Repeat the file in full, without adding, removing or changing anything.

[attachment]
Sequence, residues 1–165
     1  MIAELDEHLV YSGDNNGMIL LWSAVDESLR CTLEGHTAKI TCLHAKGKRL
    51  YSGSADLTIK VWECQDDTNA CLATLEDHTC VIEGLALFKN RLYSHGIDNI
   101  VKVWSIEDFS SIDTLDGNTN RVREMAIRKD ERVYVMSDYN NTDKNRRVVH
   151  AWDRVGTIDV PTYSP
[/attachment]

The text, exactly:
Sequence, residues 1–165
     1  MIAELDEHLV YSGDNNGMIL LWSAVDESLR CTLEGHTAKI TCLHAKGKRL
    51  YSGSADLTIK VWECQDDTNA CLATLEDHTC VIEGLALFKN RLYSHGIDNI
   101  VKVWSIEDFS SIDTLDGNTN RVREMAIRKD ERVYVMSDYN NTDKNRRVVH
   151  AWDRVGTIDV PTYSP